Every 15 minutes, someone in the UK loses their sight.
In Cornwall, thousands of people are waking up every day wondering if their sight has gotten worse, how much longer they will be able to look into the faces of their loves ones, read their favourite book or watch the television.
But they aren’t facing this frightening and often isolating condition alone. iSightCornwall, based at Newham, helps people living in the county who are affected by sight loss and offers them emotional and practical support to lead an active, independent life.
And keeping active is something that Joy Bond is passionate about. The 91-year-old puts the social life of a person half her age to shame, with a packed diary of events meaning she is often away from home.
But when she does spend time around the house, Joy, who began losing her sight more than three decades ago, has the support of iSightCornwall to help her with everything from telling the time to cooking her favourite recipe.
“I remember when my eyesight first starting failing,” said Joy. “I was driving my husband to work and it was like a film had been laid over my eyes, I couldn’t understand it.”
After being told that she had cataracts and glaucoma, Joy then developed macular degeneration and today has very little sight left.
iSightCornwall is the only charity in the county dedicated to supporting people with sight loss to lead active and independent lives
Joy said: “I was worried that I wouldn’t be in control of my own life anymore because I couldn’t read my mail. I have always loved reading and the thought of not being able to do that was very sad.”
It is estimated that there are some 22,000 people living with sight loss in Cornwall, a figure that is expected to grow to 32,000 over the next 15 years.
iSightCornwall is the only charity in the county dedicated to supporting people with sight loss to lead active and independent lives.
Established in 1856, iSightCornwall supported miners who lost their sight due to hazardous working conditions. More than 160 years later, the charity continues to support the visually impaired, helping over 4,000 people a year from its headquarters in Newham, Truro.
Joy first heard about iSightCornwall and the technology available two years ago after listening to a talking newspaper article about an information event being held by the charity near her St Austell home.
She learnt about all of the gadgets available to support her, including a memory stick player which allows her to listen to a series of audio books, a talking clock, ReadEasy reading machine and scanner and liquid level indicator which is used to stop the overfilling of cups, mugs and kitchen accessories.
“My eyesight went gradually and it could have been very isolating,” said Joy who enjoys going to weekly exercise classes, regular church events, local women’s groups and the Trefoil Guild a senior branch of Girlguiding.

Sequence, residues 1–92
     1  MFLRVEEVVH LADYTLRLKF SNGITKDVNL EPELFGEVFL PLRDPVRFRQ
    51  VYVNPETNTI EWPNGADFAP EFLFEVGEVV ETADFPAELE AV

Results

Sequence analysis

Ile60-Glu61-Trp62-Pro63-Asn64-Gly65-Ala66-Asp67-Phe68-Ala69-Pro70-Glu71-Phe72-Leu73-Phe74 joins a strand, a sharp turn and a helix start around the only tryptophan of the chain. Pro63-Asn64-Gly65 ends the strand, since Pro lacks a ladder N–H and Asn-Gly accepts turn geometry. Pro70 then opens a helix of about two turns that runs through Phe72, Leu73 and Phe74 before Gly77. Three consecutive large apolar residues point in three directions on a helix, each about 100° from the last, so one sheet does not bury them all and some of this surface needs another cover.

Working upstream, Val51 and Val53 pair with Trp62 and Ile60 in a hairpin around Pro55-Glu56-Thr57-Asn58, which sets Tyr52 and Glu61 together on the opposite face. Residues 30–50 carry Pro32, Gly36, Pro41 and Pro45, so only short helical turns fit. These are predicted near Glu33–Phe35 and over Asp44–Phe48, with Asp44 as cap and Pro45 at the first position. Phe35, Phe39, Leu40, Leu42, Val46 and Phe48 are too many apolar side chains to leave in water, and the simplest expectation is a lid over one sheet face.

Joy Bond has the support of iSightCornwall to help her with everything from telling the time to cooking her favourite recipe
“I would have been very miserable without the help I have received from iSightCornwall. To lose your independence is terrible but they have supported me to keep feeling confident in my own home. This freed me of the anguish of not being able to do things.
“The help and support of staff and volunteers has been truly amazing.”
iSightCornwall offers a number of services from a low vision clinic to employment and welfare information as well as a range of affiliated clubs and activities including musical groups, bowling and even shooting.
The charity, which depends on donations to run its services, also has a dedicated outreach programme with community development officers providing free advice and support to people in their homes.
Clyde Pascoe received a visit from Debbie Vivian, one of the charity’s community development officers earlier this year. The 87-year-old has lived with sight problems since childhood but now suffers from total loss of vision in one eye and degeneration in the other.
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“There is so much that iSightCornwall can offer, the team there are so helpful and kind. They are always available for me to talk to,” he said.
During the visit, Debbie demonstrated some of the things that could help Clyde around the home. He was also given magnifiers on free long term loan from iSightCornwall’s low vision clinic.
“The support offered by iSightCornwall is invaluable, it is a vital service for people, whatever their age,” said Clyde.
And after receiving extra funding to support the Community Development Service, iSightCornwall is now able to roll out monthly information events across the county for people with sight loss to visit, ask questions and receive demonstrations of the latest low vision aids, mobile phones, tablets and video magnifiers.
For more information about the service and to book an appointment visit iSightCornwall online here or call Helen Moran on 01872 261110.
iSightCornwall holds regular events across the county to support those with sight loss. Upcoming dates for 2018 include:
Jan 31 – St Mary’s Church, Falmouth, 10am-3pm
Feb 20 – Carbis Bay Memorial Hall, St Ives, 12pm-4pm
Mar 22 – Alexander Hall, St Blazey, 10am-3pm
Apr 10 – The John Betjeman Centre, Wadebridge, 11.30am-3pm
May 16 – The Old Cattle Market, Helston, 11.30am-3.30pm
Details of these and other events can be found here.
Newham, Truro’s riverside business district, is home to more than 100 quality businesses employing more than 1,000 people. For a full directory of businesses in Newham visit www.newhamtruro.co.uk.
Source: Cornwall Live